Apr 04 2011
Adventures in Canning: Apple Jelly
In her preserving guide--which has been my go-to resource these past few months--Sherri Brooks Vinton has this to say about apple jelly:
"If you've never made jelly before, this a great place to start. Because apples are naturally high in pectin, the gel sets really nicely."
With nothing else to can (yet) and wanting to practice the boiling-water method, I took these words to heart and purchased 4 pounds of apples from Breezy Hill Orchards. Last Saturday, I laid everything out exactly as Sherri illustrates in her book: cans and lids, tongs, paper towels, a funnel, etc, etc. I made my own canner with a stockpot and circular metal cooling rack. I boiled the water and brought the jars to a high level of heat, ensuring that they wouldn't crack when I put the hot jelly into them.
I was prepared. I like to be prepared. When I cook, I lay all of my items out and prep all of the ingredients before even thinking about cooking. When I shop, I like to have a thorough list and idea of exactly where I'm going and how many bags I need to take--winging it doesn't tend to be my thing.
Our preparations were for naught: the first round of jelly didn't gel. This particular apple jelly recipe doesn't share how long it takes to reach gel point. As 30 minutes passed and nothing had happened, I frantically searched online to see how long this was supposed to take. I found nothing. It seemed like we should simply 'know' when gel point had occurred. And no one, either online or in my cookbooks, indicated how long this might take. So 45 minutes in, with a candy thermometer hovering NEAR 220, we thought, well, it'll probably gel upon canning. ERR…wrong. We canned apple syrup. Perfect for pancakes--but no reason to can it.
Honestly, I didn't feel too upset about the mishap. Like I said, I wanted as much canning practice as possible and this was a great first try. On Sunday, I bought more apples (this time from Migliorelli), simmered the apples and let them drain overnight, and started Round 2 on Monday. I was determined not to can until the gel point had been reached…that candy thermometer was going to reach 220, dammit, even if it took 5 hours. (Again, I had found NOTHING online about how long this might take. Recognizing the multiple variables--burner strength, humidity in the room, amount of sugar, type of pot--I guess this makes sense.)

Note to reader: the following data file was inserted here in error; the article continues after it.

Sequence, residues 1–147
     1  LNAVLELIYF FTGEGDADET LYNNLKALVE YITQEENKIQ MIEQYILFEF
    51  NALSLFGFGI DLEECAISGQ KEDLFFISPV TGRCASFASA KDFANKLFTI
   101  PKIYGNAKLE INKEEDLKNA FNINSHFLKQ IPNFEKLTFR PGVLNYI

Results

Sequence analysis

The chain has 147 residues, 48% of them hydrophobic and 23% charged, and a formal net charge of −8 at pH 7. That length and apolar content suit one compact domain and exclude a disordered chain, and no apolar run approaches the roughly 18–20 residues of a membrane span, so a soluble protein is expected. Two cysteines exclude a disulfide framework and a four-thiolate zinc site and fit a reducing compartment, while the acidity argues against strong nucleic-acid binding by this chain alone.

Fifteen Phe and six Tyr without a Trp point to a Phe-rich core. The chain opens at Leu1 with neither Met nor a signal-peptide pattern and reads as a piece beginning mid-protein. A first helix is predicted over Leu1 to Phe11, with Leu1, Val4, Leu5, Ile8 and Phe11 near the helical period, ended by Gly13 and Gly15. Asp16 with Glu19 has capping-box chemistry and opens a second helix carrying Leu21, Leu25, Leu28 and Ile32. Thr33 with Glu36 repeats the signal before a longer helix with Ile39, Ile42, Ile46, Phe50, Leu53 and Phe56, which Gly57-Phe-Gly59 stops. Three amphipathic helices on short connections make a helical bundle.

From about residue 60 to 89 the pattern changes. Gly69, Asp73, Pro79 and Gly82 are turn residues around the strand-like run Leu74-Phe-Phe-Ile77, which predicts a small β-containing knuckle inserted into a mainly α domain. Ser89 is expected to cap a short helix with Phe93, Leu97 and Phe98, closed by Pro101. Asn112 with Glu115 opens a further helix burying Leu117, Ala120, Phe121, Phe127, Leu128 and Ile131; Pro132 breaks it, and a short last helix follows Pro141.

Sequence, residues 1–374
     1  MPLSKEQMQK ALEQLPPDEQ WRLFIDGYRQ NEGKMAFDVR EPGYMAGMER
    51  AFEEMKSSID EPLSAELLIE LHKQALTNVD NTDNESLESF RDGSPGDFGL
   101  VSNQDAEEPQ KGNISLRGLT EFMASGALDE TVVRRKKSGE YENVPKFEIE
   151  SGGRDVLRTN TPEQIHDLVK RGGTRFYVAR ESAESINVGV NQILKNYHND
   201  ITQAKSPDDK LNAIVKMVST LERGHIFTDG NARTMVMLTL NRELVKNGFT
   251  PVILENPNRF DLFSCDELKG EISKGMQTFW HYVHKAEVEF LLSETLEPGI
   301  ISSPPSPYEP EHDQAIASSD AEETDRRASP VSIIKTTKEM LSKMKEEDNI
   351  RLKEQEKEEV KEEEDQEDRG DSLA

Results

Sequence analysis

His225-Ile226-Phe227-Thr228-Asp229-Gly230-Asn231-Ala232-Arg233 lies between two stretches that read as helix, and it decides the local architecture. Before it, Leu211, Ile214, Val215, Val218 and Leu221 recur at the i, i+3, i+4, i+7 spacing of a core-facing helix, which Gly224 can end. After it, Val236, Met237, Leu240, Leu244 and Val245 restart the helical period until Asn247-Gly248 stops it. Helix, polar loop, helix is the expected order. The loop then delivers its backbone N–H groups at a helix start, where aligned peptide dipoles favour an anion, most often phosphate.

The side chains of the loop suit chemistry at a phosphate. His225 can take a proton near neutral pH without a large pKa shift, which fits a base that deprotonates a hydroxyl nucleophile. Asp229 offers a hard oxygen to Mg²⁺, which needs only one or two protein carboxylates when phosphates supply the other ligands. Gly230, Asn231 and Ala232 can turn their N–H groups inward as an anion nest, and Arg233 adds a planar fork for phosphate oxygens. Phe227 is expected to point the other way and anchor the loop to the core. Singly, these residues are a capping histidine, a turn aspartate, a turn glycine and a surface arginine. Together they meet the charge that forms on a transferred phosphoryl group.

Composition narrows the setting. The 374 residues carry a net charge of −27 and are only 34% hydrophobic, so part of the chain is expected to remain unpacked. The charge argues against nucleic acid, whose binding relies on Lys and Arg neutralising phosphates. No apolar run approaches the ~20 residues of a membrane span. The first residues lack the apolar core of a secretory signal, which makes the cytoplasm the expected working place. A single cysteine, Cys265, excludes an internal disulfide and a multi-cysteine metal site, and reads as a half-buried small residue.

Using both my candy thermometer and a meat thermometer as backup, I waited and waited. The apple jelly didn't reach gel point until 1 full hour into boiling. This left me with plenty of time to continue clicking around the internet and taking unappreciated pictures of my cat. Once the thermometer indicated 220, I double-checked by dropping a dollop of the gel on a cold plate and sticking it in the freezer for a minute. I then pushed on it and it wrinkled up (hence why this is called the wrinkle test).
Despite starting with 4 pounds of apples for both rounds, there was remarkably less to can for Round Two--the liquid became gel. It makes sense. I preserved one large Bell jar from of this recipe, that we'll save for later. I also refrigerated a small can's worth for last week's breakfast. The jelly is pretty to look at as it's nearly translucent. It's also silky, sugary, and with a a slight aroma of apple to it. This isn't a jelly that will overwhelm anything you serve it with--it's a willing wallflower--but a tasty one.
Try this for yourself, but please have patience with the gel time!!
Recipe Adapted from Put 'Em Up!
Makes 4 cups
4 lbs of apple
3.5-4 cups of water
2 3/4 cups sugar
1/2 cup lemon juice
1) Wash & stem the apples, but leave on the peel and core. Roughly chop them and put them in a large stockpot. Cover the apples with just enough water, bring to a simmer, and cook until tender (25-30 minutes).
2) Pour the mixture into a colander lined with damp cheesecloth and let drain the refrigerator overnight. Be careful to not squeeze the bag!
3) The next day, measure 1 quart (4 cups) of the apple juice. Put the juice in the saucepan over high heat. Stir in the sugar and lemon juice. Bring to a full boil that you can't stir down. Continue to boil until you reach gel stage. (*This can take 45 minutes to an hour. Use your candy thermometer and don't remove until 220 is reached. Try the wrinkle test if you're unsure!)
4) Ladle into jars and then refrigerate. If canning, use the boiling-water method.